75th anniversary of the kidnap of General Kreipe – watch 11th Day movie

The kidnap gang pose before the action (Courtesy of Estate of William Stanley Moss)

The kidnap gang pose before the action (Courtesy of Estate of William Stanley Moss)

On the evening of 26th April 1944, SOE officers, Patrick Leigh Fermor, and William “Billy” Stanley Moss, supported by the small but determined gang of Cretan Andartes, kidnapped German commander in Crete,Heinrich Kreipe, in an action that was on the one hand heroic and dashing, and on the other controversial for its impact and consequences.

Paddy Leigh Fermor and ‘Billy’ Moss (Courtesy of estate of William Stanley Moss)


As we remember this small event in that catastrophic global war, you may like to take the opportunity to watch the movie, 11th Day, which documents the key events in the struggle of the Cretan people and their allies against the German occupiers, from the invasion to the German retreat, including interviews with Paddy, and many of the characters made famous by the kidnap of General Kreipe.

Watch the full movie here before it is pulled from You Tube!

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5 thoughts on “75th anniversary of the kidnap of General Kreipe – watch 11th Day movie

  1. pmw2040

    Thank you for posting this film, I’m looking forward to watching it later. This is the first time I’ve come across it – when I first saw the post I thought I would be watching I’ll Met By Moonlight again!

    Reply
  2. John Stathatos

    Thank you for posting this link; some of the interview material is certainly valuable. But I think we have to deplore the promiscuous mixing of authentic archival material with staged scenes; most of the latter were of course obvious, but some were more ambiguous, and might have been taken for authentic by some viewers. Why should this be a problem? Well, first of all because it breaches a well-established journalistic and historical principle, one which in these days of dark propaganda and fake news should be adhered to religiously. Even more relevant to the material in question is the fact that staged clips of events purportedly taking place in the context of WWII, when incorporated in an otherwise documentary context, risk poisoning the source in a potentially dangerous way. A consideration of holocaust deniers and their routine dismissal of authenticated factual evidence is sadly not as far-fetched as it may at first seem.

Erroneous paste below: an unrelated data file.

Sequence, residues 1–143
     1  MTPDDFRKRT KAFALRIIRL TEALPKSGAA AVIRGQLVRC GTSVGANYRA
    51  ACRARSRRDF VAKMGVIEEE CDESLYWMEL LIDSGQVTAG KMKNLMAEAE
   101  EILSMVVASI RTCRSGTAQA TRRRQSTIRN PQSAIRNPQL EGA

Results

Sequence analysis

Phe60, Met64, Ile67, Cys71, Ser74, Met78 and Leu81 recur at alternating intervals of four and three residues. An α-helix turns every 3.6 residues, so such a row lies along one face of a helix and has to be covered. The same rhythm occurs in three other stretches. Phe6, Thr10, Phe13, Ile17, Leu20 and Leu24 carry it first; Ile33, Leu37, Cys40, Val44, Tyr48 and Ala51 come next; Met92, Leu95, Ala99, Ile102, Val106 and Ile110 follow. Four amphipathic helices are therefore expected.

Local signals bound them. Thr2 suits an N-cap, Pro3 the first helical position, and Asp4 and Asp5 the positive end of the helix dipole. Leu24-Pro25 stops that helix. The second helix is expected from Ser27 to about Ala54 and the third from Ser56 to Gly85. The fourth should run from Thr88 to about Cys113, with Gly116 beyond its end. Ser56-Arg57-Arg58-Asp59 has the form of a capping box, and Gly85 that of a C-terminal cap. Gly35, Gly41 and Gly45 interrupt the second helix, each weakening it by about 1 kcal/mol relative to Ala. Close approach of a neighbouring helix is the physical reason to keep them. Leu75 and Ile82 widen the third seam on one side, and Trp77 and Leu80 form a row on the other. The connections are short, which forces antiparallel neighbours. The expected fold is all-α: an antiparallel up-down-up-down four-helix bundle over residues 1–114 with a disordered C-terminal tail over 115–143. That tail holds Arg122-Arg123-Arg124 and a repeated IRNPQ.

Reply
    1. proverbs6to10 Post author

      That’s pretty scathing stuff John and would viewers really be so gullible as to think this stuff was real? It is very badly done; I don’t think so!! This film is now quite a few years old and well before the age of “fake” news. I don’t think that there is any intention to deceive. I think the reenactments are there to entertain and add a little colour to something that could otherwise have been ordinary and dull. I for one never “believe’ in these enactments; I can see the glaring errors, but it gives further shape to the story. It is for each of us to make up our minds.

      Reply
      1. johnstathatos

        No, I agree that very few viewers would be taken in, and certainly nobody following this blog. But the point I was making was a bit more subtle: not that viewers might be taken in, but that the use of staged scenes, not flagged as such, in the context of a documentary, could be used by ill-wishers as proof that certain Nazi atrocities never took place. Of course you or I, or the vast majority of people, would shrug the whole thing off as beneath contempt; and yet, note how the most insane conspiracy theories seem to grow and flourish on the strength of “evidence” along the lines of “You know that documentary about the invasion of Crete? Those scenes of torture – they were faked!”. In general, it’s a good principle to either avoid mixing the genres, or else flag the staged material prominently, rather as reputable TV stations will identify relevant but different images and clips as “stock footage” or the like.

        Reply

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